Two op eds in today’s Boston Globe provide two fascinating points of view on the Democratic nomination race.
In one, Ellen Goodman writes that Hillary Clinton is disadvantaged by being a woman:
Women of Hillary’s generation were taught to don power suits and use their shoulder pads to push open corporate doors. In the 1970s, the lessons on making it in a man’s world were essentially primers on how to behave like men. As University of Wisconsin-Milwaukee political scientist Kathleen Dolan says, “They had to figure out a way to go undercover. They could only be taken seriously if they filled the male model with XX chromosomes.”
But the next generation of advice books urged women to do it their own way. The old stereotypes that defined women as more compassionate and collaborative were given a positive spin. They were framed and praised as women’s ways of leading.
Today’s shelves are still full of titles – from “Seducing the Boys Club” to “The Girl’s Guide to Being a Boss (Without Being a Bitch)” to “Enlightened Power” – that tell us to act like a man or act like a woman. But in many ways, the transformative inspirational, collaborative, “female” style has become more attractive. Especially to a younger generation. And – here’s the rub – especially when it is modeled by a man.
Dolan sees Obama as “the embodiment of the gentle, collaborative style without threatening his masculine side.” But she adds, “He’s being more feminine than she can be. She is in a much tighter box.” …
…This too is a bit like what’s happened in business. Whatever advice they follow, women are still only 3 percent of the CEOs in Fortune 500 companies. Meanwhile, it’s become more acceptable for a man to take an afternoon off to watch his kids play ball than for a woman.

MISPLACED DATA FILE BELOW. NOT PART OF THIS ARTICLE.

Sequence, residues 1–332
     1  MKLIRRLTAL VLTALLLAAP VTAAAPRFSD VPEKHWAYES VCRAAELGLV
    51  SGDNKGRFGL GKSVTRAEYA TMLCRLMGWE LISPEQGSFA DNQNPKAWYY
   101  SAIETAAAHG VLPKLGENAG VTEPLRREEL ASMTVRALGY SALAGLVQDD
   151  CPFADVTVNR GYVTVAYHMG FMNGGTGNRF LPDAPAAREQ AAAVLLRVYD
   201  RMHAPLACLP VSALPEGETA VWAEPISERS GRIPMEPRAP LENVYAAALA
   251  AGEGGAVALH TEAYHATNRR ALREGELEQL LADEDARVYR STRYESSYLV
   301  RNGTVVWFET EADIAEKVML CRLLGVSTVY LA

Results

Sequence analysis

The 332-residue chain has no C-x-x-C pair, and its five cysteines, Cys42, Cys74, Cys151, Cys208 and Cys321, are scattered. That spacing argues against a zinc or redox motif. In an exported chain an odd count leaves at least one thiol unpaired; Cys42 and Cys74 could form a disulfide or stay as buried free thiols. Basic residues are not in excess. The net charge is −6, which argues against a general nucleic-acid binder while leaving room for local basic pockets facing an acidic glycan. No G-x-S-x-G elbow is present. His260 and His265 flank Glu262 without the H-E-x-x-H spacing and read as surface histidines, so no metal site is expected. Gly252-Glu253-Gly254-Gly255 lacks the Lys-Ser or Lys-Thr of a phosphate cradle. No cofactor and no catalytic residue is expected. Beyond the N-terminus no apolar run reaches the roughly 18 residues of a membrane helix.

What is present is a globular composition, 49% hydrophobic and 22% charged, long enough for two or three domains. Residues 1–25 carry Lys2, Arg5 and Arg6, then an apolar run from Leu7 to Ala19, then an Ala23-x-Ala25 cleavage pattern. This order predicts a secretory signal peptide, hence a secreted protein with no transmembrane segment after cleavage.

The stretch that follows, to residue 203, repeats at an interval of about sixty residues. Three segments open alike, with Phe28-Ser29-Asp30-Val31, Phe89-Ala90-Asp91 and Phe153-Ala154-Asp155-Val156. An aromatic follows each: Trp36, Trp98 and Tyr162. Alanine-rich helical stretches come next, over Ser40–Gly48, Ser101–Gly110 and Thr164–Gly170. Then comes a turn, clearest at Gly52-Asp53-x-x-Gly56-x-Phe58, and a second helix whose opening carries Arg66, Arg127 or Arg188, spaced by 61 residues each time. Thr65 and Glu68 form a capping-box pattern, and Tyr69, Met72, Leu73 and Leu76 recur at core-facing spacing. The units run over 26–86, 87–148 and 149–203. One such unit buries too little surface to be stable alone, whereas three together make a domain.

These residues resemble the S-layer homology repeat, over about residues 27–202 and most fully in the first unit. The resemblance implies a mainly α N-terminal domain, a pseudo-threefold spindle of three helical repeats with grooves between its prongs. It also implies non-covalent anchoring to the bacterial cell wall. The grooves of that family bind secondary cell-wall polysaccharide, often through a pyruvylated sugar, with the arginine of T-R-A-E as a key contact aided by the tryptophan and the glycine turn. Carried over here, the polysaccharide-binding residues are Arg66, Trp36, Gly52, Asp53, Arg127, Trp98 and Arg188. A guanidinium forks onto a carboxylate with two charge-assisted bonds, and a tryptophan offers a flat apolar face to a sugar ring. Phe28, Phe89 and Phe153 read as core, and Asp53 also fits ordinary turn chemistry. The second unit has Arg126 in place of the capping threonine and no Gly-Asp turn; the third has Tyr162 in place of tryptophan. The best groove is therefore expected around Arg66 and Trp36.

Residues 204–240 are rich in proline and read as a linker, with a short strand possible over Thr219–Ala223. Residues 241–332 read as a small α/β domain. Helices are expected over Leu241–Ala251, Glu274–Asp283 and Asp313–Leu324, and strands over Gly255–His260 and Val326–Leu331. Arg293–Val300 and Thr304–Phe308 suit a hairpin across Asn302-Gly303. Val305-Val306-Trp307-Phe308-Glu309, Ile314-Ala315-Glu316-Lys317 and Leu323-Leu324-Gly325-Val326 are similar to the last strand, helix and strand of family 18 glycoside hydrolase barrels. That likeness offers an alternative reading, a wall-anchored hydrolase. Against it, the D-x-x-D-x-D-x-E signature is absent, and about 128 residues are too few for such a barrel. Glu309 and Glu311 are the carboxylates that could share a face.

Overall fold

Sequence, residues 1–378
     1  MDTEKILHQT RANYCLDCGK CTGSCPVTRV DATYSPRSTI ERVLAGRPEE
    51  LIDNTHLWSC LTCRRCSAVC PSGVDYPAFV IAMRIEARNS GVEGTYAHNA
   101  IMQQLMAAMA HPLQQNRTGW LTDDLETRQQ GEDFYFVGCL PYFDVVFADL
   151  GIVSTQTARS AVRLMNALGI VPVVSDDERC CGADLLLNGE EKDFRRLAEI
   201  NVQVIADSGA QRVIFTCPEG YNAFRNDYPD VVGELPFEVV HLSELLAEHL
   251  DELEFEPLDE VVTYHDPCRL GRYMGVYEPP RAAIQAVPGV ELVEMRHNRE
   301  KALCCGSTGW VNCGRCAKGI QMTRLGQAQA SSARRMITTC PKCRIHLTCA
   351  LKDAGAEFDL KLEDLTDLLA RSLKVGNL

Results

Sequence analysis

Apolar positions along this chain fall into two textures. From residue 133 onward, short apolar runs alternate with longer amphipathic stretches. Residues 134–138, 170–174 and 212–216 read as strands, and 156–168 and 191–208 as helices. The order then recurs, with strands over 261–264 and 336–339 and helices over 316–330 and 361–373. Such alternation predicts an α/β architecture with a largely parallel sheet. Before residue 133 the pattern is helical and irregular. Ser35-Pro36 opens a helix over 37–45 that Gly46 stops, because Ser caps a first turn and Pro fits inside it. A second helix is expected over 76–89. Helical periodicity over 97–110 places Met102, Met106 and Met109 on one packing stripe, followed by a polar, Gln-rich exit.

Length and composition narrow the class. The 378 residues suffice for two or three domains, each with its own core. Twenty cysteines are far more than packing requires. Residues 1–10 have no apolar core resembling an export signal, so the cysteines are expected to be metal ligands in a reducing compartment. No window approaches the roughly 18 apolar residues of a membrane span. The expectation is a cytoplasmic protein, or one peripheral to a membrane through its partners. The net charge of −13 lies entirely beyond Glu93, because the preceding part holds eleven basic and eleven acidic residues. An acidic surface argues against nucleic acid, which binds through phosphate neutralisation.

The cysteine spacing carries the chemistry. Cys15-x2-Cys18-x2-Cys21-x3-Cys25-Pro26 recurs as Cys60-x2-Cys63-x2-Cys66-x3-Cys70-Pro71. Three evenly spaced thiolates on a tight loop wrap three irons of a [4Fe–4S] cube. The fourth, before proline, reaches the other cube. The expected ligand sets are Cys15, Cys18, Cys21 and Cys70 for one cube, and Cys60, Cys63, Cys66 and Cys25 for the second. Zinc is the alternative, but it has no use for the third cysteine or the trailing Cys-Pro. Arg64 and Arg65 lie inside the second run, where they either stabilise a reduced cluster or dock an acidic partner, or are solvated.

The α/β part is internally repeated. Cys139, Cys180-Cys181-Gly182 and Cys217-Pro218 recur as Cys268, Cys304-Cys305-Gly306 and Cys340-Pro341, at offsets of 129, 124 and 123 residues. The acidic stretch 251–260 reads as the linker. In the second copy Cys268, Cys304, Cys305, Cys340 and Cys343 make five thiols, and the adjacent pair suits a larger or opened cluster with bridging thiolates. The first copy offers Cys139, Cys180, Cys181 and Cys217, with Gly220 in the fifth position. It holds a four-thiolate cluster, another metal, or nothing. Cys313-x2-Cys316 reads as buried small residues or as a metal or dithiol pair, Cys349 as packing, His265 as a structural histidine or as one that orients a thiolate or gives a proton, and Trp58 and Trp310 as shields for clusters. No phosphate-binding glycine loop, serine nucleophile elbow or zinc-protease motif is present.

Ilene Lang heads Catalyst, which surveyed more than 1,200 senior executives in the United States and Europe. This research calculated the tenacity of double binds and double standards. It showed how hard it still is for a woman to be seen as both competent and likable. And it led her to the conclusion that “What defines leadership to most people is one thing. It’s male.”
As for the Obama style? “Both men and women are much more likely to accept a collaborative style of leadership from men than from women. From women it seems too soft,” she adds ruefully.
I think there’s a lot of truth in that. I’ve seen social-psychological studies that show, for example, that when a man displays anger he’s seen as “strong” but when a woman displays the same anger she’s seen as shrewish or bitchy.
On the other hand, it might be telling that Senator Clinton’s most successful moments in the campaign are when she is most “feminine.” I’m thinking of the famous weepy episode in New Hampshire, and also of last night’s debate closing statement, which justifiably is being touted as her finest moment so far. The 1970s model may have passed its shelf-life date.
Derrick Jackson points out that Barack Obama also has a built-in disadvantage that turns out to be an advantage:
It was not just Hillary Clinton’s welling up in New Hampshire, and Bill Clinton’s racial put-down of Obama in South Carolina. Hillary Clinton has displayed a periodic reliance on white women as her safety net in town halls, saying things like “being the first woman president is a very big change.”
That would be no big thing, except that the nation’s demographics and racial history dictate that Obama dare not employ a parallel tactic by saying “being the first black president is a very big change.” Obama has automatically had to run as a more universal representative of the people, with one fruit being his current 10-state streak.